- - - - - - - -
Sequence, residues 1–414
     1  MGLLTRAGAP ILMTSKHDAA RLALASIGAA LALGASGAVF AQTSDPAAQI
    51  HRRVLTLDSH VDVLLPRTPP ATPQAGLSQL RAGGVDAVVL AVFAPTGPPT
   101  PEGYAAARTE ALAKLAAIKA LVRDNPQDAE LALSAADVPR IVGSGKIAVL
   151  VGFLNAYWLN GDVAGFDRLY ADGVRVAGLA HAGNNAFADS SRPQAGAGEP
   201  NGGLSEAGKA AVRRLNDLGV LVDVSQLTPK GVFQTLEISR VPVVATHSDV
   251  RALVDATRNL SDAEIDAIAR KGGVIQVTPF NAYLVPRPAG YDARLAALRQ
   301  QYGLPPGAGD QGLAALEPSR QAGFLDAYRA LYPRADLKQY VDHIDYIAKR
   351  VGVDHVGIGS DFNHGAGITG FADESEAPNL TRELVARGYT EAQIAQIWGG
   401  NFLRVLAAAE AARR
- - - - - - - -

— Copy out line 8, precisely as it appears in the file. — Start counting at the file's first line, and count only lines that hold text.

   301  QYGLPPGAGD QGLAALEPSR QAGFLDAYRA LYPRADLKQY VDHIDYIAKR